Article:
Forty-one patients (55 feet) with congenital vertical talus (CVT) were reviewed. Thirty of the feet were associated with neural tube defects, 10 with neuromuscular disorders, five with congenital malformation syndromes, and none with chromosomal aberrations. Ten of the feet were idiopathic. All were treated with a single-stage surgical correction as described, by using the Cincinnati incision, and performed by the same surgeon. Thirty-two patients (42 feet) were available for clinical and radiographic follow-up averaging 7 years (range, 2-12) from the time of surgery. There were no wound complications or avascular necrosis of the talus. In 10 feet, subsequent reoperation was necessary. At final follow-up, results were based on the clinical and radiographic outcomes and included 31 good and 11 fair. All patients and families were satisfied with the results and appearance of the feet. There were no bony prominences or skin problems. The presence of mild pain was noted in only three feet. Radiographically, there was a significant improvement in the anteroposterior (AP) and lateral talocalcaneal and talo-first metatarsal angles, and at follow-up, the group averages for each of these angles were within the normal range. In treating CVT, good clinical and radiographic results can be obtained with a low incidence of complications using this single-stage surgical correction of the hindfoot and midfoot deformities.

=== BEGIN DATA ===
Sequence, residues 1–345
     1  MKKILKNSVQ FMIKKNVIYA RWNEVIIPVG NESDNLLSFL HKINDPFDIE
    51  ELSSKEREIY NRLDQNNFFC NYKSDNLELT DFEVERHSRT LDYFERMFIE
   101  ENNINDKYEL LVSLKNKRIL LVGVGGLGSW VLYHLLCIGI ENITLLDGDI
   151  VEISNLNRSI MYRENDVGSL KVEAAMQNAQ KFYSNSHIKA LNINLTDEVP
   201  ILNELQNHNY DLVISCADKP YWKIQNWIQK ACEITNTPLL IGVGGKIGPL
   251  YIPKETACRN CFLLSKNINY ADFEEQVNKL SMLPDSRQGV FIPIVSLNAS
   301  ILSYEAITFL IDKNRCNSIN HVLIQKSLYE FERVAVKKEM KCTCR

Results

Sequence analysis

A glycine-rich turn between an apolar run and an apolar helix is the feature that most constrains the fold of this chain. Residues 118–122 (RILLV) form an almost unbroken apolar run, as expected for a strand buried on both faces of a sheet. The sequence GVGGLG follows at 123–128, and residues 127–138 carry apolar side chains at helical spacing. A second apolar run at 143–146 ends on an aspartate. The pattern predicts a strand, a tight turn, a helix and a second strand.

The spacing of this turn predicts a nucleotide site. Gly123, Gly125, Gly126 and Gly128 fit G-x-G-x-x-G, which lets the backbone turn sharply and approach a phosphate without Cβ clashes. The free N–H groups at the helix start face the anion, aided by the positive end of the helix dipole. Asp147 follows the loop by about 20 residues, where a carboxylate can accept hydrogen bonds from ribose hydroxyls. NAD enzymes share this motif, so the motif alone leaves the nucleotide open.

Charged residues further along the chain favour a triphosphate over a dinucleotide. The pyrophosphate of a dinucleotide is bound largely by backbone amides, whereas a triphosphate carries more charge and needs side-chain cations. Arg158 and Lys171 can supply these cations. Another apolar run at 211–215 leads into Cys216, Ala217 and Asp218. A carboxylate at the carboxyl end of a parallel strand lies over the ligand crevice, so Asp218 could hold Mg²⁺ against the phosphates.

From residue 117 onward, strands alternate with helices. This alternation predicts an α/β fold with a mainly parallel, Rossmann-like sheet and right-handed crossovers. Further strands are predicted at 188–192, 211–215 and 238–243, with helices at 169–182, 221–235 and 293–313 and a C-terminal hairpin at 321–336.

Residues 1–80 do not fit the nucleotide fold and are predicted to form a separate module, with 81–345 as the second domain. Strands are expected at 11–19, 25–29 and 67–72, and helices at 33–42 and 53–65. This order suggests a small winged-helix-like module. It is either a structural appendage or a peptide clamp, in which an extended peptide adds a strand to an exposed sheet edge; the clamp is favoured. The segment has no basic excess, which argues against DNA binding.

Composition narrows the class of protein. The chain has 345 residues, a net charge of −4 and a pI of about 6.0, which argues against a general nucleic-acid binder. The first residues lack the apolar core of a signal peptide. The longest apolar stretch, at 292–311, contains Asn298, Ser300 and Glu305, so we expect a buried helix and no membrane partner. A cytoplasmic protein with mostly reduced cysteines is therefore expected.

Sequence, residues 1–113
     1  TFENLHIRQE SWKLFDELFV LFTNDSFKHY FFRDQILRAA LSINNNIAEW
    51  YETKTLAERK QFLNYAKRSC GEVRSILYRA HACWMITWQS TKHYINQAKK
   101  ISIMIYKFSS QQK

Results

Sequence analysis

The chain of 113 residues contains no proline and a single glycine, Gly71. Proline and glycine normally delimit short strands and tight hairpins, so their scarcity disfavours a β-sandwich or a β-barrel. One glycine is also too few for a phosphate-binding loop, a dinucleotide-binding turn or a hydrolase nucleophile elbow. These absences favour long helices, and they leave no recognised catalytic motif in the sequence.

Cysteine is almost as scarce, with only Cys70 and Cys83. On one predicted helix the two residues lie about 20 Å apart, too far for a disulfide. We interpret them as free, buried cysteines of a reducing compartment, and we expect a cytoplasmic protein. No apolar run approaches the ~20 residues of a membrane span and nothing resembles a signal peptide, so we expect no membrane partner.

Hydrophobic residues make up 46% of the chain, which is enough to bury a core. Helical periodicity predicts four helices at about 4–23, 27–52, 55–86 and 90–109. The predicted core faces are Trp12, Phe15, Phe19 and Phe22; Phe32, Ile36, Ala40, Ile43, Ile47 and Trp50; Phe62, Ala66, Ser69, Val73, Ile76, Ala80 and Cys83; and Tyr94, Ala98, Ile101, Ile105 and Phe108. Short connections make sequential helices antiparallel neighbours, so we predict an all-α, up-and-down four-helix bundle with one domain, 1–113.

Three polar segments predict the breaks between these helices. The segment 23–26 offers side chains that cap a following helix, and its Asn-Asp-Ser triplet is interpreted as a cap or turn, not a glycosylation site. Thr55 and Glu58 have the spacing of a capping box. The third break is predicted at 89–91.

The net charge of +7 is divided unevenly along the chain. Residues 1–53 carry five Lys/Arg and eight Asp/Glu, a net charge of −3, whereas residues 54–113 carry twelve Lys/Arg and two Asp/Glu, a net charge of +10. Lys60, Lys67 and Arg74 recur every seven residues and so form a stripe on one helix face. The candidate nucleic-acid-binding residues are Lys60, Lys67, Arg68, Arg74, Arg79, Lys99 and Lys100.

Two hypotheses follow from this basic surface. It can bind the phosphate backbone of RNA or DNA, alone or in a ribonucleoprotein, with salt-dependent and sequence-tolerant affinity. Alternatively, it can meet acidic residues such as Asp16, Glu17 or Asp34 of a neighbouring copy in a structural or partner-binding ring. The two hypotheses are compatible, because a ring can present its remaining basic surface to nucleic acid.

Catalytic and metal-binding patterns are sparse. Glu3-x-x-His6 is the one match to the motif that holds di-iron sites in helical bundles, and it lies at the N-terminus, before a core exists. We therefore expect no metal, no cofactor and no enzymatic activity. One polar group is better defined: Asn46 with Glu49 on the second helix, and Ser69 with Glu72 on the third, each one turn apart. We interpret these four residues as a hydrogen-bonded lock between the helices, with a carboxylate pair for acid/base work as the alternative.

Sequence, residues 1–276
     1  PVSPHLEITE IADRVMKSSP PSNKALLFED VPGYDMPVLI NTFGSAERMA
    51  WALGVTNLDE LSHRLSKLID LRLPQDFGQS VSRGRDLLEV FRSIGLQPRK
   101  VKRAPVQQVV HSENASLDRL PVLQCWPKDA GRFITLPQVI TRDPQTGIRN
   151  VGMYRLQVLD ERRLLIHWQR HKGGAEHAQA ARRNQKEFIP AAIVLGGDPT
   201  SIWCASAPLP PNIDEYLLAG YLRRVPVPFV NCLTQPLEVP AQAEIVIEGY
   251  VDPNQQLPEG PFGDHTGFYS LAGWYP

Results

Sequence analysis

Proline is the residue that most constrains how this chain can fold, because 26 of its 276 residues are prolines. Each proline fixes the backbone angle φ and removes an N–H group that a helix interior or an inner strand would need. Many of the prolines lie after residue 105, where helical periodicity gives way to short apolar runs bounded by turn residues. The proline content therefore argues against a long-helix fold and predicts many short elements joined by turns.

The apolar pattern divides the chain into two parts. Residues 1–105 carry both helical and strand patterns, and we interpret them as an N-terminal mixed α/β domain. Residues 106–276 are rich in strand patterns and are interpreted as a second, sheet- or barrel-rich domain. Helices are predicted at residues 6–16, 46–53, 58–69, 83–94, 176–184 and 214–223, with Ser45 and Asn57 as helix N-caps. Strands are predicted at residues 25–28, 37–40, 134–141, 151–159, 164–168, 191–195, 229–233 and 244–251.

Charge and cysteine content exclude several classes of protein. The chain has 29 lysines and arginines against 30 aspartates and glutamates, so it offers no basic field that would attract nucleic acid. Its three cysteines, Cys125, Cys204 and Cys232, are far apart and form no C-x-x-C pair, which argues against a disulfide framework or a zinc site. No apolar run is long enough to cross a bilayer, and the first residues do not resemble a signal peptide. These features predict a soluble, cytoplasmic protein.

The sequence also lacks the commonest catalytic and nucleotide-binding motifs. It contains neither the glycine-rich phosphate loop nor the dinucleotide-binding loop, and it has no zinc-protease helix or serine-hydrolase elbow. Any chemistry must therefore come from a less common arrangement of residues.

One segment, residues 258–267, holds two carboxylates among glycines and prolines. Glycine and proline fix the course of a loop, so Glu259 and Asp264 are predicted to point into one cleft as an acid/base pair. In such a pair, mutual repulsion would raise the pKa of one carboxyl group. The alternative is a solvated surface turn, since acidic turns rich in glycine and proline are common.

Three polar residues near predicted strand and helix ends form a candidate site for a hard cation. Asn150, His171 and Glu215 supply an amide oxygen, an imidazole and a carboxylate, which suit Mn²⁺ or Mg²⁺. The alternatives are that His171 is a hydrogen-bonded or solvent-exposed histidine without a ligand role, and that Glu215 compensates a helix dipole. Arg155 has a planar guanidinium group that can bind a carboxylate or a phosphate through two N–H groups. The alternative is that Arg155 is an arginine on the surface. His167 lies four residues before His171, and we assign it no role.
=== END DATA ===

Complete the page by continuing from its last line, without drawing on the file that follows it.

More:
Study conducted at Children's Memorial Hospital, Chicago, Illinois, U.S.A.
From the *Department of Orthopaedic Surgery, Northwestern University Medical School, and †Children's Memorial Hospital, Chicago, Illinois, U.S.A.
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